When software executes an asynchronous operation (like requesting data from a server), developers update the state when the operation starts, and, again, when the operation eventually finishes. In JavaScript, developers use Promises, an object that represents the eventual completion of an operation, to handle this.

new Promise((resolve) => {
  // Do some operation that requires time and returns a result...
  const result = doSomething()

  if (result) {
    resolve(result)
  }
}).then((result) => {
  // OK, the operation is done and we have the result!
})

Promises always have one of two states: pending, which means when the operation is executing; and settled, which means the operation is done and the result is available. A promise switches to the settled state either when the operation succeeds or when it fails. For promises, this is known as fulfilled or rejected.

Problem

When developers use promises in software built with Redux, they need a way to update the state container (and usually the user interface too) when a promise is pending, and, again, when a promise is settled.

Example

When the promise is pending, for example, the developer might display a loading spinner in the user interface (UI).

In this example, when the promise is settled, the developer might hide the loading spinner and update the UI with the result. If the promise is fullfilled, they might display the data. On the other hand, if the promise is rejected, they might display an error message.

State management and UI updates like this can be tricky without the help of a middleware.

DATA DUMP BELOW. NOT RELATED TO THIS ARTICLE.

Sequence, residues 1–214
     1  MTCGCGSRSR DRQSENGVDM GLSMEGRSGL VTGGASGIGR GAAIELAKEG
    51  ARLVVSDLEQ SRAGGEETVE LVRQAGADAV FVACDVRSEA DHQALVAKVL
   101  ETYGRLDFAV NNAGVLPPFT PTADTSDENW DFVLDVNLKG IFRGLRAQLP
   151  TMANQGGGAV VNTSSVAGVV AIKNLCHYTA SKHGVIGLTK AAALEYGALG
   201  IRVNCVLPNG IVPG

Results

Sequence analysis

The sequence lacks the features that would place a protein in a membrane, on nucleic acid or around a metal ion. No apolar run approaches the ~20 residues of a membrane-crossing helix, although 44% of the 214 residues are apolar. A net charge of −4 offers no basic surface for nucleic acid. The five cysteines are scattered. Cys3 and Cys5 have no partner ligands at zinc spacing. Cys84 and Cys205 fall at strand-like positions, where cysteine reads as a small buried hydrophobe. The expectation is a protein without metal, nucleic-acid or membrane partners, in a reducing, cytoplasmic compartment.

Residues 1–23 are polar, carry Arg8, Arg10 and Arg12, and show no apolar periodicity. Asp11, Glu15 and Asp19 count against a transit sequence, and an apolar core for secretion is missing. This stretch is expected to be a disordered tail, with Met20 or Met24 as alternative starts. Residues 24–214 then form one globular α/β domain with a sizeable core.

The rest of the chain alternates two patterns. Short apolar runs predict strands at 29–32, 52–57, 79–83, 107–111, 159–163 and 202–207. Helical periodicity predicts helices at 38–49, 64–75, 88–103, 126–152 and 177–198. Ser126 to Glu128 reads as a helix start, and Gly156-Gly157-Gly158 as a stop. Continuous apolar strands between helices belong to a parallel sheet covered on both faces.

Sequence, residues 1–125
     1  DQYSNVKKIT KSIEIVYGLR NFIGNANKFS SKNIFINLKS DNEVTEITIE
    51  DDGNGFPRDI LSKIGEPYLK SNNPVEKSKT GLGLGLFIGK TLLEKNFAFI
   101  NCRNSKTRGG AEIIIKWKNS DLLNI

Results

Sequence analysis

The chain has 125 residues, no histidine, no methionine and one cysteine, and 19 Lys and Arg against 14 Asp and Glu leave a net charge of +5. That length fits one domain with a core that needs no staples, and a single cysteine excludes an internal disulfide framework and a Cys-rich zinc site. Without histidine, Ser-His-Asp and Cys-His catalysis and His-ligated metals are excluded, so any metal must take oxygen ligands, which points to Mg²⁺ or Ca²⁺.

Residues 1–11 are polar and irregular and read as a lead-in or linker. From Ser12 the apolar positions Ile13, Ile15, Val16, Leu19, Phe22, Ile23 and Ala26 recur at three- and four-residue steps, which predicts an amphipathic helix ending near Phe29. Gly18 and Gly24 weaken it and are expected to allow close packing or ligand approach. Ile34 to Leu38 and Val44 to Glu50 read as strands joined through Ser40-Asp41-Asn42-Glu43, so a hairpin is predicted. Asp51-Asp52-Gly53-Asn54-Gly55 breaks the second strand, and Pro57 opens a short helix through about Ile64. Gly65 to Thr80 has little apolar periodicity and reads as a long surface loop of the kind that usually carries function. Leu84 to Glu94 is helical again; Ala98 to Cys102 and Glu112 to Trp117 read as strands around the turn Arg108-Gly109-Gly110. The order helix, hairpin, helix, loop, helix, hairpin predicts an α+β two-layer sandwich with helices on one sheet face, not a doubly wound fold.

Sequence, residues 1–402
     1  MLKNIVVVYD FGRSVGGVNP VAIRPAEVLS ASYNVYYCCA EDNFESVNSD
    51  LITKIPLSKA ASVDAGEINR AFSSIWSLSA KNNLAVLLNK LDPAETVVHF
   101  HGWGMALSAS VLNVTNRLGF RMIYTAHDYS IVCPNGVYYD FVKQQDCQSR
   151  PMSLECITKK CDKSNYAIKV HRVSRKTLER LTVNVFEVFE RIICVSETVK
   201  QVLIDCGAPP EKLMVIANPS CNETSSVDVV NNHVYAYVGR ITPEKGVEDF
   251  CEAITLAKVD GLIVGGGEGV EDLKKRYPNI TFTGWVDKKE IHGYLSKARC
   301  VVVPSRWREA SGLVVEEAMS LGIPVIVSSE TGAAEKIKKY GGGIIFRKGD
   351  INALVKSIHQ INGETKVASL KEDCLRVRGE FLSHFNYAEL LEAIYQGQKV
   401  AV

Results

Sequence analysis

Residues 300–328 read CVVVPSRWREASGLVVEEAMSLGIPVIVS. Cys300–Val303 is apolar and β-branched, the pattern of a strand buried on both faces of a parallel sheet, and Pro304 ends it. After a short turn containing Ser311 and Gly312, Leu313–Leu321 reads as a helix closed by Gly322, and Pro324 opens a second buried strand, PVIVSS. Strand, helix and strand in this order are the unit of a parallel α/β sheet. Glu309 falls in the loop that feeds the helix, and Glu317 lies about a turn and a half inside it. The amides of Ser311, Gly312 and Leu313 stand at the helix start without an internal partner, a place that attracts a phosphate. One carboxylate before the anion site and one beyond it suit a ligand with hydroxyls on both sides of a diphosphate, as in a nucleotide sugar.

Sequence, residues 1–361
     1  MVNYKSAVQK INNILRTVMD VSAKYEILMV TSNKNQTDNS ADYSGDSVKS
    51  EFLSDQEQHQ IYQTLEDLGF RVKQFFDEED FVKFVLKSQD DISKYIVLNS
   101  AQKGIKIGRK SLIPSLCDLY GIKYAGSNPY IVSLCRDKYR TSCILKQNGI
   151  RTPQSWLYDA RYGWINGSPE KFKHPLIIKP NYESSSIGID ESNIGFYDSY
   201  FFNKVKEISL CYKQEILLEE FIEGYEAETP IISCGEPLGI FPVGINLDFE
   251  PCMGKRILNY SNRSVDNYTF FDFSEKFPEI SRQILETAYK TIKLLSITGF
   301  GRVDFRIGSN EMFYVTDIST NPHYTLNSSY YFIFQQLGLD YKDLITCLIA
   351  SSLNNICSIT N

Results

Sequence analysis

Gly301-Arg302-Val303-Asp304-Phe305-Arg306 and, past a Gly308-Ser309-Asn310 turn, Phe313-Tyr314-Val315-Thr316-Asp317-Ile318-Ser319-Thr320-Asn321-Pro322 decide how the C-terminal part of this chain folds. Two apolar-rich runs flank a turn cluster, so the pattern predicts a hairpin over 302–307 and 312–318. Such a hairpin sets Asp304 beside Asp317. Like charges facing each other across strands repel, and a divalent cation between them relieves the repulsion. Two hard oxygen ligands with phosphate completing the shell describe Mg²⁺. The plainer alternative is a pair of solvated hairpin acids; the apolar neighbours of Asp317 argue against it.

Solution

In Redux, actions describe changes to the state container. Actions are returned from functions called action creators. For more on actions and action creators, see the documentation on redux.js.org.

With Redux Promise Middleware, developers can include promises in their actions.

const myAction = () => ({
  type: 'MY_ACTION',
  payload: Promise.resolve(1)
})

When a promise is included in an action, the middleware immediately dispatches a pending action. This action describes the pending state of the promise and enables the developer to appropriately update the state container.

{
  type: 'MY_ACTION_PENDING'
}

The settled action is eventually dispatched, either after the promise resolves or after it rejects. If the promise is fulfilled, the payload is the result of the promise.

{
  type: 'MY_ACTION_FULFILLED',
  payload: 1
}

On the other hand, if the promise is rejected, the payload is the error result of the promise—and the error property is defined as true.

{
  type: 'MY_ACTION_REJECTED',
  payload: Error(),
  error: true
}

Additional Features

Optimistic Updates

An optimistic update is when a developer starts some asynchronous operation doesn’t wait for the operation to finish before updating the app state. In other words, they immediately switch to the settled state under the assumption that the operation will succeed.

If an asynchronous action is dispatched with data, it is also included in the pending action.

const myAction = () => ({
  type: 'MY_ACTION',
  payload: {
    promise: Promise.resolve(1),
    data: {
      foo: 'foo',
      bar: 'bar',
    },
  },
})

This data can be used to optimistically update the Redux state tree.

{
  type: 'MY_ACTION_PENDING',
  payload: {
    foo: 'foo',
    bar: 'bar',
  },
}

Chaining Actions

When combined with Redux Thunk, the middleware also suports chaining actions. In more complex apps, developers might chain a sequence of actions together.

const myChainOfActions = () => {
  return (dispatch) => {

    return dispatch({
      type: 'FIRST_ACTION',
      payload: Promise.all([
        dispatch({ type: 'SECOND_ACTION' }),
        dispatch({ type: 'THIRD_ACTION' }),
      ]),
    })
  }
}

Conclusion

That’s the basics of the middleware! There’s a few features I didn’t include here; however, those features are included in the project documentation on GitHub. If you’d like to the middleware it in one of your Redux apps, it’s available for install via npm.